People have a natural tendency to want to fit in with the group.  This can lead investors to follow and copy what other investors are doing. They hop on the bandwagon of currently trendy investments. Examples include the new tech IPOs in the late 90s and the meme stocks more recently. The more rational option is to do investment research carefully and choose options most appropriate for individual goals and circumstances. 

Recency (Availability) Bias

With this bias, people tend to put too much emphasis on recent events.  Whether it is market trends, or the performance of individual investments, recency bias in finance can cause investors to make poor investment decisions. They buy high and sell low versus adhering to a sound investment plan based on comprehensive research and decades of market history.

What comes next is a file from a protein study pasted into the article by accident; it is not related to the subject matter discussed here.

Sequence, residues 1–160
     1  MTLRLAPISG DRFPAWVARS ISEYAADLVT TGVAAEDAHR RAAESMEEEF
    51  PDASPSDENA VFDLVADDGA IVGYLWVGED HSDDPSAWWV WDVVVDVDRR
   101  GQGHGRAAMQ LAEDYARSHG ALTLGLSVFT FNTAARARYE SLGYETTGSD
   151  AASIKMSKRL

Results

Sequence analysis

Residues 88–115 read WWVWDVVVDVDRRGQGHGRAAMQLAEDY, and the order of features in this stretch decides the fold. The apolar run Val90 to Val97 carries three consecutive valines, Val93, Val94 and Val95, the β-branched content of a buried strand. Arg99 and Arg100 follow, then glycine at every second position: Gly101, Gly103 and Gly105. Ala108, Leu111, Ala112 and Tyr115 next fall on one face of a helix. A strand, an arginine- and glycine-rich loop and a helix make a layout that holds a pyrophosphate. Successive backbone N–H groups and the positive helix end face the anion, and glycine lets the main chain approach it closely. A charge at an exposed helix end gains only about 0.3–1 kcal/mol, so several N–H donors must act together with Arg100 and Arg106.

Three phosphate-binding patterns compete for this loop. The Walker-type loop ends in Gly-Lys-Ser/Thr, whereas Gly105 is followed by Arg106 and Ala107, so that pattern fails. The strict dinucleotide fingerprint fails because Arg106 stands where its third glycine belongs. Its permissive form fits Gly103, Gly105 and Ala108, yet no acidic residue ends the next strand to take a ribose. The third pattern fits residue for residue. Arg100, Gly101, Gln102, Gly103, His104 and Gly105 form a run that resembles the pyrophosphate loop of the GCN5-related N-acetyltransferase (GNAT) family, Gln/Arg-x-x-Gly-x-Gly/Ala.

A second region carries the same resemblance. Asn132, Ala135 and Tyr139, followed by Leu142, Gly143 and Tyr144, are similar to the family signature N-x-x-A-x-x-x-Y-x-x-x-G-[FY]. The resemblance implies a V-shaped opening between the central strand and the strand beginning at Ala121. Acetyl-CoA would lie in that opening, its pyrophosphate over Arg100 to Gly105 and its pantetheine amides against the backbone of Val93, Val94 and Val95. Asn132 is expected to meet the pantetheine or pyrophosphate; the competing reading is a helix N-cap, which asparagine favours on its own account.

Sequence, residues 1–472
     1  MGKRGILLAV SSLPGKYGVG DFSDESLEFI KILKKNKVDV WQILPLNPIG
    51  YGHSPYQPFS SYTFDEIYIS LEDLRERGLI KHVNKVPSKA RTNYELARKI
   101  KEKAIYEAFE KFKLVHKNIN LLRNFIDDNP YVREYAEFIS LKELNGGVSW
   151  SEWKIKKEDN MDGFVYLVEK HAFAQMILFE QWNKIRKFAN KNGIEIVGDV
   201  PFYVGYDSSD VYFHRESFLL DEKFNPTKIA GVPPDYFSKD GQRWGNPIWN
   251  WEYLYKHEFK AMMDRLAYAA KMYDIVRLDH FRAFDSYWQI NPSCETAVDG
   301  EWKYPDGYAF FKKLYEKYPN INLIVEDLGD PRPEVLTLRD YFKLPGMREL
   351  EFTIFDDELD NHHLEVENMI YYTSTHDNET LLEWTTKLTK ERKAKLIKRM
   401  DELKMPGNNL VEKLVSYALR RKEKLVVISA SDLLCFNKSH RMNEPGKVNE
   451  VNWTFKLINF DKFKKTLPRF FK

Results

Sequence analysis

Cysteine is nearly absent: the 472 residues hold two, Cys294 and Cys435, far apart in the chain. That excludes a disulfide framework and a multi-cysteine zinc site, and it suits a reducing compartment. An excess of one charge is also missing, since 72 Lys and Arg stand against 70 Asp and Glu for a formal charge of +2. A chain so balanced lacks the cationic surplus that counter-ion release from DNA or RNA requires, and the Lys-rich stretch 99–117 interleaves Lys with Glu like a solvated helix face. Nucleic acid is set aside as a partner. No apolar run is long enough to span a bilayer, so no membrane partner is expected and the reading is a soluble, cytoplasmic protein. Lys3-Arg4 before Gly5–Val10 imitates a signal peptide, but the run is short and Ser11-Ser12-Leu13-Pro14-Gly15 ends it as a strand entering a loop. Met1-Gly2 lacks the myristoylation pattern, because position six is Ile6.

Hindsight Bias

This is the tendency to view past events as being more predictable than they were. We usually receive more information after an event takes place, which leads us to believe we knew more than we did leading up to the event. We try to package complex series of events into tidy stories after the fact. Consider the 2008 financial crisis or the rise of Apple stock. Hindsight bias in finance can cloud objectivity in the investment decision-making process, and again lead to a tendency toward overconfidence in predictive ability.

How To Avoid These Behavioral Mistakes